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Mai n Bl ad e Ma te ria ls f or Ja pan ese St yle Sw ord

By PR Dept., the wholesale Japanese sword House All rights reserved

Blade material: There are three basic blade materials for modern Japanese
style swords, these are; steel (commonly called carbon steel), stainless steel,
and non-steel alloy (commonly called alloy). Following are the detailed
information and what it's good for.

Steel: Commonly called carbon steel - which is redundant - all steel by

definition, contains carbon. Steel is simply iron with carbon added. The carbon
makes the iron stronger. There's nothing magical about carbon steel. Here's a
breakdown of the various types of "plain" carbon steel and what they're good

Plain Carbon Steels

These steels are iron, usually (but not always) with less than 1 percent
carbon, plus small amounts of manganese, phosphorus, sulfur, and silicon.
The characteristics of these steels are primarily a product of carbon content,
although the alloying and residual elements do have a minor influence.
Plain carbon steels are divided into four groups:
1. Low
2. Medium
3. High
4. Very high

Low. Often called mild steels, low-carbon steels have less than 0.30 percent
carbon and are the most commonly used grades. These steels are too soft to
hold an edge, and would be easy to bend with use. Some display swords are
made from mild steel. Stainless is preferred because neither is fully functional
and stainless looks better.

Medium. Medium-carbon steels have from 0.30 to 0.40 percent carbon.

Increased carbon means increased hardness and tensile strength, with
decreased ductility. These steels are too soft to hold an edge, and would be
easy to bend with use. Some display swords are made from medium carbon
steel. Stainless is prefered because neither is fully functional and stainless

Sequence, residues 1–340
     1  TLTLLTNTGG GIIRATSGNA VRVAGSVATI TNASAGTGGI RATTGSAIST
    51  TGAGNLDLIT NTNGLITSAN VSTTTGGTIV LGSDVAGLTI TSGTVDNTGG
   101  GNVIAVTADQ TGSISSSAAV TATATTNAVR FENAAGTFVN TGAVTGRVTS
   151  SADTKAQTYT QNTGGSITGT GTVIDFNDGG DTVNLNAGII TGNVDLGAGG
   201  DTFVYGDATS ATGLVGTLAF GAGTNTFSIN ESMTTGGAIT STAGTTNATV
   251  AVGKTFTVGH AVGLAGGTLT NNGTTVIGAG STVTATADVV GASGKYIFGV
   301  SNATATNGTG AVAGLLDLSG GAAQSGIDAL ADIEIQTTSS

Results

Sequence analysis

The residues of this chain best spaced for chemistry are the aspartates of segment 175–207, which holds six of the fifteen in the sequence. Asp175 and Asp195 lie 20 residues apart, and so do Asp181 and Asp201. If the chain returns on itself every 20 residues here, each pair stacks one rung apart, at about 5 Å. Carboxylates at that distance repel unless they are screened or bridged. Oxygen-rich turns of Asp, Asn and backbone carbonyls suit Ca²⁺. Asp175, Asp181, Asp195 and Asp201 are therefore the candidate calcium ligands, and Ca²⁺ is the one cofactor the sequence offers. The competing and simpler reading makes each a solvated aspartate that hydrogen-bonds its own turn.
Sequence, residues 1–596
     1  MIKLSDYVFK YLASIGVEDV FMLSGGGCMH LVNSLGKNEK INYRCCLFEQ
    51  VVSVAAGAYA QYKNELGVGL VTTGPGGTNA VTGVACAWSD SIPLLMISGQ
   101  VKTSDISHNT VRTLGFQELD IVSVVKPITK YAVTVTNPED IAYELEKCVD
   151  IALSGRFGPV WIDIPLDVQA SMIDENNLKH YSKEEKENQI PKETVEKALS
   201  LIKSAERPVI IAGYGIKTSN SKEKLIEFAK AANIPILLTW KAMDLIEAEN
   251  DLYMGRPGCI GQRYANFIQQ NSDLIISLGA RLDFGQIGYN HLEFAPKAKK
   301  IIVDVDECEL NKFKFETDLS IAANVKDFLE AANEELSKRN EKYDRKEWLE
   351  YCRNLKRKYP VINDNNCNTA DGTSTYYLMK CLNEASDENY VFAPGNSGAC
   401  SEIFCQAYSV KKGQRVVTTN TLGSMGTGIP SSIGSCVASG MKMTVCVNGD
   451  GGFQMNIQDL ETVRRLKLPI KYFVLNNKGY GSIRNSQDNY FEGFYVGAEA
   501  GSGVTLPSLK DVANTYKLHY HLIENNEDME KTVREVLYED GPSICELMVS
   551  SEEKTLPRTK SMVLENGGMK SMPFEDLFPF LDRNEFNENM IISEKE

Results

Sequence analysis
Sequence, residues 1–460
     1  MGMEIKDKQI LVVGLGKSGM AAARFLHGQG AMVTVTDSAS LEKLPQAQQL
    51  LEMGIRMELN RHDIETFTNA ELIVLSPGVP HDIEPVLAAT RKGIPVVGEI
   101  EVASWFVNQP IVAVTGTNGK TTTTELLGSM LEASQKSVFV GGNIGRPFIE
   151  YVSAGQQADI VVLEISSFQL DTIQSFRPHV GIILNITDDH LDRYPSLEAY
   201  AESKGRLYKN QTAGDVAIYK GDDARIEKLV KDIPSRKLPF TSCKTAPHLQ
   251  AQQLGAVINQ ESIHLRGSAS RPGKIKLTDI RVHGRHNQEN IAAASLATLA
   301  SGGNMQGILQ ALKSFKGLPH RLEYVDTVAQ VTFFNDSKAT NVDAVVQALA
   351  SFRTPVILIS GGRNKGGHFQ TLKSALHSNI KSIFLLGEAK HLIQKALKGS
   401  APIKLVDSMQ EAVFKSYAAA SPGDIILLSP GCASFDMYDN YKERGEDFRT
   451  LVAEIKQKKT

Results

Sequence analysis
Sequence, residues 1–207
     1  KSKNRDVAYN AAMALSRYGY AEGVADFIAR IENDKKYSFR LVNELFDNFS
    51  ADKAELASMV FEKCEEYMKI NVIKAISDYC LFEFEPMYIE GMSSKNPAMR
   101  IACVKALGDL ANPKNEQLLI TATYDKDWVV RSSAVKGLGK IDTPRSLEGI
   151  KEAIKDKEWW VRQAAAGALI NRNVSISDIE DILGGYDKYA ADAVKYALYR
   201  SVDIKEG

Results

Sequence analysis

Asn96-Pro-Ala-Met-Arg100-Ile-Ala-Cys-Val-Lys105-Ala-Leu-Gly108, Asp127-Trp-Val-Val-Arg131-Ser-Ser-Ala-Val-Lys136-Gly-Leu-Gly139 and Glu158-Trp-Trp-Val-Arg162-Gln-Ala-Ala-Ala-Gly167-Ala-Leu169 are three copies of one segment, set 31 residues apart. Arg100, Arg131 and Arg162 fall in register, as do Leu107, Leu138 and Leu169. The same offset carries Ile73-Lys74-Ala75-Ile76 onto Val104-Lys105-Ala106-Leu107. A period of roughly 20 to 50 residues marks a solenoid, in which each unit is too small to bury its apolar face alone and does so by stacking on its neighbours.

looks better. Carbon content of 0.40 percent is an important threshold; steel
with a carbon content of 0.40 percent or greater can be hardened, below 0.40
percent it cannot be hardened.

High. With 0.45 to 0.75 percent carbon, these steels are capable of sword
quality hardening, can hold an edge well, and make a good sword. Remember
that a sword is not just a big knife. A functional sword will be subjected to
stresses that a good knife has nightmares about!

Very High. With up to 1.50 percent carbon content, very high-carbon steels
are used for the highest quality knives and functional swords.

The lowest carbon content usually found in functional swords is .45%, and
this would be called 1045 carbon steel. The highest carbon content commonly
found in swords is .95%, and this would be called 1095 carbon steel. The "10"
that precedes the percentage indicates that it is plain carbon steel. Another
prefix you might see is "52", as in 5260 steel. The "50" family of prefixes
indicates the chromium content, and is usually used in spring steel.

The higher the carbon content, the more expensive and harder it is to work
with, and the higher the price. Lower carbon steels are easier to forge and
sharpen, but don't hold an edge as well.